If your business is located in and only selling to customers in the USA, Canada, EU and Australia, you have two options for applying tax to your sales. The easiest from your point of view is WooCommerce’s automated tax calculations. There are some caveats to consider before jumping into this.

The other option that’s suitable for businesses located anywhere is to manually configure your tax rates.

Automatic tax calculations

WooCommerce can be set to automatically calculate tax based on your customer’s address. That’s super attractive for site owners, but using this service, product prices in your store, cart and checkout price are displayed without tax.

The total sales tax is displayed on the checkout page when a billing address is entered. There is also the option to turn on geolocation to try and establish the location of each customer. When this is used, taxes due are also displayed in the cart and in the checkout page before the billing address is entered. In the event billing address location is different to that assigned by geolocation, the tax amount will be updated to match the billing address.

Where this possibly falls down is that even with geolocation turned on, prices in product pages are displayed without tax.

Displaying prices without tax is quite common for sales to other businesses. If that applies to you, then this is probably perfect as is, assuming automatic rates are available for your location and/or the locations you sell to.

If you’re selling to consumers, they more commonly expect to see prices inclusive of tax, so adding an additional charge in the cart or at checkout to cover tax may lead to higher cart abandonment rates. Additionally, some locations may even require prices for B2C to be displayed including applicable taxes.

Fortunately there is a solution to this, though it may not be perfect for everyone. This is reliant on geolocation being turned.

To turn it on, click on Settings under the WooCommerce menu item. The Default customer location control is what you need to update. Assuming you’ve set up a caching plugin on your site as recommended earlier, be sure to use the Geolocate (with page caching support) option, otherwise set it to Geolocate. This will ensure customers see prices based on their location.

Note that when Geolocate (with page caching support) is enabled, every URL of you site will have a URL parameter added. A string of text similar to ?v=xxxxx will be appended to the address in the address bar.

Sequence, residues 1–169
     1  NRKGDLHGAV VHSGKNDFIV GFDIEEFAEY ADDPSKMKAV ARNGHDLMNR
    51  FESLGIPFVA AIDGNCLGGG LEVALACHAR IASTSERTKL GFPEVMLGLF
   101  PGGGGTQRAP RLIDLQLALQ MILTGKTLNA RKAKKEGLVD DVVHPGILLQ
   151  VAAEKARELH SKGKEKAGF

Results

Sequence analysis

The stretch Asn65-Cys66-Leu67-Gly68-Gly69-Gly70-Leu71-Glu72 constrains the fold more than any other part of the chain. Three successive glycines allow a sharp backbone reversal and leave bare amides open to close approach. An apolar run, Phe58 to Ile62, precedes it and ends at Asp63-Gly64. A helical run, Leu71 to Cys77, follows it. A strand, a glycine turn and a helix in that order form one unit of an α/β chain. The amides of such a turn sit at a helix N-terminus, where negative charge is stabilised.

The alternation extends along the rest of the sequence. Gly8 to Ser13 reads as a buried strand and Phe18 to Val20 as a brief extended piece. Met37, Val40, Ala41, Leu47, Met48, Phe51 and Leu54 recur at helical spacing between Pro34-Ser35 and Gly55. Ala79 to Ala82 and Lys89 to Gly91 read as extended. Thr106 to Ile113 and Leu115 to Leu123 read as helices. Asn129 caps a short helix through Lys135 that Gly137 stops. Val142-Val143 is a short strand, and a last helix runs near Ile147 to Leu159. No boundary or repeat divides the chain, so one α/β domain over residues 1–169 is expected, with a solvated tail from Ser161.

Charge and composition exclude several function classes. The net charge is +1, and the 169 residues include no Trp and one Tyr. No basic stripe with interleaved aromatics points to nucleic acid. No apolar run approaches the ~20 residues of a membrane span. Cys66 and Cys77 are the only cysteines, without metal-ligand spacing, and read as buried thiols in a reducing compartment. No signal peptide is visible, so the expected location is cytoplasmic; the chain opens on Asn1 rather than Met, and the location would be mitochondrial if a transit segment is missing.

URL parameters can, in some cases, lead to Google indexing pages in search results multiple times. Duplicate results like this can hurt the rankings of these pages. Google Search console has the URL Parameters Tool that can be used in cases where this is happening.

Before taking this route though, ensure that your site matches the criteria specified by Google.

Your site must have more than 1,000 pages,


Your Search Console logs show a significant number of duplicate pages being indexed by Googlebot.

Do not use the tool if both of those conditions do not apply to your site, as you may do more harm than good to your site’s rankings.

There’s more information about this subject at https://support.google.com/webmasters/answer/6080548?hl=en.

On the Tax tab of settings, with automated taxes enabled, in the Price display suffix field, enter ({price_including_tax} inc tax). The {price_including_tax} is a placeholder that is replaced in the front end of your site with the product price including tax. You can edit the rest of the ext as you wish, just ensure the placeholder is unchanged.

Now when a customer views the product price, they see the price without tax and the price with tax based on their location as calculated by their IP address.


This should remove the possibility of a customer seeing the product price unexpectedly increase when they view their cart or checkout.

In most cases, configuring WooCommerce like this with automated tax calculations is probably the best solution.

As you start to grow your revenue, you may want to start using a premium plugin and service like TaxJar (https://woocommerce.com/products/taxjar/) or WooCommerce AvaTax (https://woocommerce.com/products/woocommerce-avatax/). These can handle more complex tax situations, but perhaps most attractive is that they can automate your tax reports and filings too.

Those two services are well established, with TaxJar actually powering WooCommerce’s built in automated tax calculations. Both businesses also have many useful articles on their sites that I’ve been referring to for years and I’ve also been using Avalara’s tax rate tables for manual tax set up as described below.

During the writing of this book, I’ve also come across another service through their plugin in the WordPress repository. I believe the Simple Sales Tax (https://wordpress.org/plugins/simple-sales-tax/advanced/) plugin was only published in December 2019 and this connects a WooCommerce enabled site with the TaxCloud (https://taxcloud.com/) service. If your sales are just to US states, this appears to offer an attractive solution for applying the correct taxes on sales and also filing the taxes for your business. At the time of writing, this is done for free in 25 states and a low percentage rate in the others. This offers another option to research if you believe the inbuilt automated tax calculations aren’t sufficient for your needs.